US cigarette firm Philip Morris International on Thursday clinched a controversial takeover of British breathing inhaler manufacturer Vectura, despite fierce opposition from health campaigners and medical groups.
The Marlboro-maker agreed in July to pay £1.0 billion ($1.4 billion, 1.2 billion euros) as part of a broader push into healthcare.
Philip Morris International on Thursday said it had since won the necessary support from investors and secured regulatory approvals.
The acquisition is part of PMI's plans to expand beyond tobacco and nicotine and into a broader healthcare company.
"We have reached an important milestone in our acquisition of Vectura," PMI chief executive Jacek Olczak said in a statement.
The group has identified respiratory drug delivery as a key focus, under broader plans to generate at least $1.0 billion in annual net revenues from nicotine-free products by 2025.
"We are very excited about the critical role Vectura will play in our Beyond Nicotine strategy and look forward to working with Vectura's scientists and providing them with the resources and expertise to grow their business to help us achieve our goal," added Olczak.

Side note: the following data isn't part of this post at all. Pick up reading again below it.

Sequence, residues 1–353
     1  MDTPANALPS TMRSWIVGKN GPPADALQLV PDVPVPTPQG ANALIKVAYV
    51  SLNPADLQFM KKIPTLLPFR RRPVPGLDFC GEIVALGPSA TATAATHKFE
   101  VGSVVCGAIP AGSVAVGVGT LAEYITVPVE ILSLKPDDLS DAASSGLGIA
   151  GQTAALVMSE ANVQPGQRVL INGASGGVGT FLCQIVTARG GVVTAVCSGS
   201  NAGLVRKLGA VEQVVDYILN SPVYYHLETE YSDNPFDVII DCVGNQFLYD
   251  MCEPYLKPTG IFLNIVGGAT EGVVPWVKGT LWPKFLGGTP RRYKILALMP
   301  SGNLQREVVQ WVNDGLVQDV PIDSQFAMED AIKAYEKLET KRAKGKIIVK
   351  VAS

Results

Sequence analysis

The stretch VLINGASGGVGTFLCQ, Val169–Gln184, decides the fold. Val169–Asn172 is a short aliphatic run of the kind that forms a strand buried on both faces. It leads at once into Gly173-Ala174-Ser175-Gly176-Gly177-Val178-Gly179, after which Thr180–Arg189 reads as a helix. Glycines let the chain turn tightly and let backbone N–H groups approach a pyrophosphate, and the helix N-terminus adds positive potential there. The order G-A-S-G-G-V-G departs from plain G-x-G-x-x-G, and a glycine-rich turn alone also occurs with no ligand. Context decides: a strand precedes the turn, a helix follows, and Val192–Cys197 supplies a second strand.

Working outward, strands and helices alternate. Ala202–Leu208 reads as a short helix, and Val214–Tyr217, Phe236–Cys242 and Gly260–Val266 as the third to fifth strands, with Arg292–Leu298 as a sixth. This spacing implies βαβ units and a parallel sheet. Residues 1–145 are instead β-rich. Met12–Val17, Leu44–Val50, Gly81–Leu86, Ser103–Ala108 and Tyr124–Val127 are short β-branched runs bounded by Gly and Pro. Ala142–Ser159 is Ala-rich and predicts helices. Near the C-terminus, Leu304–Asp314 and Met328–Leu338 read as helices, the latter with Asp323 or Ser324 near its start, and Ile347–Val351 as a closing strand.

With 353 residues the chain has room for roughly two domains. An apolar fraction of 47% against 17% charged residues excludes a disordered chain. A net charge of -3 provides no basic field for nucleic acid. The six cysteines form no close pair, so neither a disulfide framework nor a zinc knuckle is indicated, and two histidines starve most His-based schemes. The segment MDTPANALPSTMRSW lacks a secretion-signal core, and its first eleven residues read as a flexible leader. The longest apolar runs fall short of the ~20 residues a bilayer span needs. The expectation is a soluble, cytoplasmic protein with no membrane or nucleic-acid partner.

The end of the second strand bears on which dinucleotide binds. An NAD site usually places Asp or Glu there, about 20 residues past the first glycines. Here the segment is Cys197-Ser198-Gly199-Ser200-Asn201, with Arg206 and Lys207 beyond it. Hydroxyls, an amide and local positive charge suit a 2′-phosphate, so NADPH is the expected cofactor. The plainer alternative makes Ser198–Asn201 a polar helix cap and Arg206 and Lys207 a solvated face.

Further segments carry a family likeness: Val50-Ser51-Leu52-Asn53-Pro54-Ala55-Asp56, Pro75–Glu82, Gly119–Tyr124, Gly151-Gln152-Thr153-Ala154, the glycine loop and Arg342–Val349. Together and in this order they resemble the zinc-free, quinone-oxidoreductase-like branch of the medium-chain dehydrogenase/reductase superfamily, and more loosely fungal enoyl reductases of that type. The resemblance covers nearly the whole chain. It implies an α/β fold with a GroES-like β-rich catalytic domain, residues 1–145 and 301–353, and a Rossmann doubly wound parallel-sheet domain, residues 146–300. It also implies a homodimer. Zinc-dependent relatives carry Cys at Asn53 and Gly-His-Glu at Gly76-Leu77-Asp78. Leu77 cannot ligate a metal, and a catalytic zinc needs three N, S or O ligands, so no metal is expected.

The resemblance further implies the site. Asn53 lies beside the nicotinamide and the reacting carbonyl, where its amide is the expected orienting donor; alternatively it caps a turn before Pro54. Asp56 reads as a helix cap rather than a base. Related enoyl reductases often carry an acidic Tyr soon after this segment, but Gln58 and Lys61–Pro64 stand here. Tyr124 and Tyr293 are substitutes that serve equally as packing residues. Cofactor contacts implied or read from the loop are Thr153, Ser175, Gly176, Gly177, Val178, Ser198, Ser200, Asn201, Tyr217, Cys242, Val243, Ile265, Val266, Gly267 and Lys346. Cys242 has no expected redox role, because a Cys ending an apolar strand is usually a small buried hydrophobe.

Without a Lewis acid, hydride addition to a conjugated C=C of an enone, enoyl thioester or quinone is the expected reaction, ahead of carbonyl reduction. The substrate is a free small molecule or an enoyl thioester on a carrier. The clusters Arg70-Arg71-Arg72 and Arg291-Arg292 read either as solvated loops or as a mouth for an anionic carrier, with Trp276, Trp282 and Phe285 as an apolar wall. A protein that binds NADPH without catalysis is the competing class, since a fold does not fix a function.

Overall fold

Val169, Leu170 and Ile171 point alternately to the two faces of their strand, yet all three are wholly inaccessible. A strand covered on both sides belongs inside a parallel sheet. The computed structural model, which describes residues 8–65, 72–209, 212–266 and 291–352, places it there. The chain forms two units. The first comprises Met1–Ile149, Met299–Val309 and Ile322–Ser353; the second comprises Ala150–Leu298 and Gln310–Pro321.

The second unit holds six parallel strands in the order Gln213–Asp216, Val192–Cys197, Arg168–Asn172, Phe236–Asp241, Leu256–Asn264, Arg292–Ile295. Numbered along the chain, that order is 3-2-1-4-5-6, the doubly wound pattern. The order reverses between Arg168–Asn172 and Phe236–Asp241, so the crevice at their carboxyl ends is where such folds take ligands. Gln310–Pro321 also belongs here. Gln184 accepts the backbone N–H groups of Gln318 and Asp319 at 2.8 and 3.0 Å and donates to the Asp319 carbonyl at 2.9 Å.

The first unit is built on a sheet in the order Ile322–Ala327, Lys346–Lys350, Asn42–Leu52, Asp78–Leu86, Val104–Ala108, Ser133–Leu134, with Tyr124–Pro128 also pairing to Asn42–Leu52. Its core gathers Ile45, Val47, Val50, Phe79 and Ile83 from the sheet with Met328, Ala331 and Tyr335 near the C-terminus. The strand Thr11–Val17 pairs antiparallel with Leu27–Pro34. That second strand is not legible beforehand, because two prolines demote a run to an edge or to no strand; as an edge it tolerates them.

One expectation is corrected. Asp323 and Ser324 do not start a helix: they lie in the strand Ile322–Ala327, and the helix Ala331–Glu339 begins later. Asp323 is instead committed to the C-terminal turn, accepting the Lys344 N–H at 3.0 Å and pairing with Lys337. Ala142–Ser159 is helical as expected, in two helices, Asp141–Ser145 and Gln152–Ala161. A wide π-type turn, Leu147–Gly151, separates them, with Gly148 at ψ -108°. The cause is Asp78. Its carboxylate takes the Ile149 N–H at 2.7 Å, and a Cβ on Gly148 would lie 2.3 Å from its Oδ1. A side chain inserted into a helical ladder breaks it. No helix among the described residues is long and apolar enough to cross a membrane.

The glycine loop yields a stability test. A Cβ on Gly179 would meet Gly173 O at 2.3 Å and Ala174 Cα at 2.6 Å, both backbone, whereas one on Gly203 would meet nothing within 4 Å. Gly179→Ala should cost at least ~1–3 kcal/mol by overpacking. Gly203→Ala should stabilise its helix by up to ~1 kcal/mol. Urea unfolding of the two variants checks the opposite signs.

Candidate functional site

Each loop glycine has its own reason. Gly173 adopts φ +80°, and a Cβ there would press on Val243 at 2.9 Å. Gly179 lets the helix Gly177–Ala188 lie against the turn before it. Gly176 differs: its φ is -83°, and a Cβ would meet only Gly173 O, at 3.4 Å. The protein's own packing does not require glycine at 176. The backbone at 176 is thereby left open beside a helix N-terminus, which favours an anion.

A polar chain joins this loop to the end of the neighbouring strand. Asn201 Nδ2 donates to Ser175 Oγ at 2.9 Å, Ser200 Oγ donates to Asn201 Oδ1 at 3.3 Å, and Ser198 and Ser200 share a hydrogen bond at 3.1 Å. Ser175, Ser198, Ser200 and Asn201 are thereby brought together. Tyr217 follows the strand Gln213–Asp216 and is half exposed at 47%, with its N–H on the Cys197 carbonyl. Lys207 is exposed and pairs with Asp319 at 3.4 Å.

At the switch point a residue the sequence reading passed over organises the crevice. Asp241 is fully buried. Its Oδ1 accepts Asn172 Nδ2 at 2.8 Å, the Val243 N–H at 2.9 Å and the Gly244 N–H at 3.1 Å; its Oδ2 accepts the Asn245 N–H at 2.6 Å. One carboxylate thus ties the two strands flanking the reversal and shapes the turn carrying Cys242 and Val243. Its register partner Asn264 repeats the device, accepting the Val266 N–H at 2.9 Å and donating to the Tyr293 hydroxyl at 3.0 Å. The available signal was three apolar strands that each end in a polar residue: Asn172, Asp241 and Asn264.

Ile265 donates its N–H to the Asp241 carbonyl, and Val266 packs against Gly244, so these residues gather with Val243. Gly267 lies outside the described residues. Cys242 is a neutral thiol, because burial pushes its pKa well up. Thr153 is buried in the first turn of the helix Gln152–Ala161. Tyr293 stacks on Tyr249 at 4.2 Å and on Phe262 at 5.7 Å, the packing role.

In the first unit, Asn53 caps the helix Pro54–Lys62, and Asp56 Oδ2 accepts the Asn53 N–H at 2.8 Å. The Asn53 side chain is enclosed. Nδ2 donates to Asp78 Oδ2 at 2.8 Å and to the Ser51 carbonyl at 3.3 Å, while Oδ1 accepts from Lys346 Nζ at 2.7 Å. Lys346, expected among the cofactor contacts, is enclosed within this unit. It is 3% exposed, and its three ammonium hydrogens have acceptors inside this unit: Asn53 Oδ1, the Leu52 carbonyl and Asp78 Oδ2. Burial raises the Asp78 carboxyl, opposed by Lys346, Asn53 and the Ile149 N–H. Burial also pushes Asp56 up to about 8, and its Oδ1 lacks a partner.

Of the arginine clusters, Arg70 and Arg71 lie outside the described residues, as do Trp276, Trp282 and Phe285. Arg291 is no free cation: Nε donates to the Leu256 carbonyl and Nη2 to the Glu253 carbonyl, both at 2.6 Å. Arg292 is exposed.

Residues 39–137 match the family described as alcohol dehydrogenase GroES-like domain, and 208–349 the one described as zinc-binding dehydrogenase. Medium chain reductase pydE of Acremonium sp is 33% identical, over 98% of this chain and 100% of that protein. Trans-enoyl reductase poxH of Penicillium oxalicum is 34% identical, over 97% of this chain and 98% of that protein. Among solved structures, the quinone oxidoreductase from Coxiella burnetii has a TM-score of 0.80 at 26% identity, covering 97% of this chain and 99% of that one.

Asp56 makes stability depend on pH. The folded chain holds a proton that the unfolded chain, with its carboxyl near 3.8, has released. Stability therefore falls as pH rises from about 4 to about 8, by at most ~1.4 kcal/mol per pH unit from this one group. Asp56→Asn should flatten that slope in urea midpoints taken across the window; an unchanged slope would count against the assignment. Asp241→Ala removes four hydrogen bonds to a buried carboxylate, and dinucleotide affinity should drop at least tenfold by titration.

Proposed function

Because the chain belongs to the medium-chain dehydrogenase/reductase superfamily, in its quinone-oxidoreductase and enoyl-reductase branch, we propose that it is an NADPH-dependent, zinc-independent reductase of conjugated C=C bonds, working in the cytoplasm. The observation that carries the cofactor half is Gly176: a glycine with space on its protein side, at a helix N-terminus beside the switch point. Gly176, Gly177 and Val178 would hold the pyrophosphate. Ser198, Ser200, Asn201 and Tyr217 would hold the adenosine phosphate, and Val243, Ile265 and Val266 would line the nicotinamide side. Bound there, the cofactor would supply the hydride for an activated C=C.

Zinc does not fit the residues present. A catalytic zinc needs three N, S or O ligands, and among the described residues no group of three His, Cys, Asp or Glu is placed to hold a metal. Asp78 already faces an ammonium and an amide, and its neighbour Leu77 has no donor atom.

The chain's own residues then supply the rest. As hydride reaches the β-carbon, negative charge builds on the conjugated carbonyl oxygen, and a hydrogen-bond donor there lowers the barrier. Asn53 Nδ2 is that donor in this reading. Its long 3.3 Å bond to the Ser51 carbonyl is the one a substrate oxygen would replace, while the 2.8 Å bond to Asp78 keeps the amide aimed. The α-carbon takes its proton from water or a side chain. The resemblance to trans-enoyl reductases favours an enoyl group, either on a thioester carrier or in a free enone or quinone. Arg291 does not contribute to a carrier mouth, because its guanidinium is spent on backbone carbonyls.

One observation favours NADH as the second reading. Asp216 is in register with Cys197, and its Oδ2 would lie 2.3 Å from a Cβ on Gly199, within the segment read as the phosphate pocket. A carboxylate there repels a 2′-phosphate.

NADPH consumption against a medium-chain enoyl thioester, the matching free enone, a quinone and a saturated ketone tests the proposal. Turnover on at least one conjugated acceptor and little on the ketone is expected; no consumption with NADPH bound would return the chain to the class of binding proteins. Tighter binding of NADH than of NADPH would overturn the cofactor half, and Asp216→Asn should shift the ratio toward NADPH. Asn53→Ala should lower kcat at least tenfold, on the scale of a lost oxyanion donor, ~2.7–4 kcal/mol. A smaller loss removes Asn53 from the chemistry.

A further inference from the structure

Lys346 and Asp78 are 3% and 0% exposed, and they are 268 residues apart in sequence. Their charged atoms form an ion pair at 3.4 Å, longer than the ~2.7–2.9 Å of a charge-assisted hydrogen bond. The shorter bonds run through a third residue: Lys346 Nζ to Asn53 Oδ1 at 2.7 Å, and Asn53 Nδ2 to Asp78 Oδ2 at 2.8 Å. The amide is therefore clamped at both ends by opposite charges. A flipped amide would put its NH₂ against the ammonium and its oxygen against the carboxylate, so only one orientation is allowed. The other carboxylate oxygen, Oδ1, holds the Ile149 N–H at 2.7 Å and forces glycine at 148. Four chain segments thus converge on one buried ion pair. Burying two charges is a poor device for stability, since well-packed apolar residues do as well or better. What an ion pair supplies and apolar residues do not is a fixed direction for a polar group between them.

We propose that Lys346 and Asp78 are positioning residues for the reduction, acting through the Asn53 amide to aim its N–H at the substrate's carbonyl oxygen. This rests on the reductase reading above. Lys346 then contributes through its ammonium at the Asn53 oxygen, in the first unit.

Since 2008, the cigarette giant has invested more than $8.0 billion in smoke-free products, such as vaping, which it says is less harmful than smoking.
However, the Vectura takeover has faced heavy criticism from charities and medical groups.
More than 20 organisations, including anti-smoking charities and public health groups, together wrote to Vectura management urging it to reconsider the takeover on ethical and practical grounds.
Sarah Woolnough, chief executive of both Asthma UK and the British Lung Foundation, accused Vectura of seeking a quick profit.
"Vectura has sold out millions of people with lung disease, and instead prioritised short-term financial gain over the long-term viability of Vectura as a business," she said.
"Vectura is now owned by a tobacco company, and this could cause considerable problems, such as the firm being excluded from research and clinical networks."
She added that it "creates perverse incentives for Philip Morris International to sell more of its harmful products so they might then profit again through treating smoking-related diseases".
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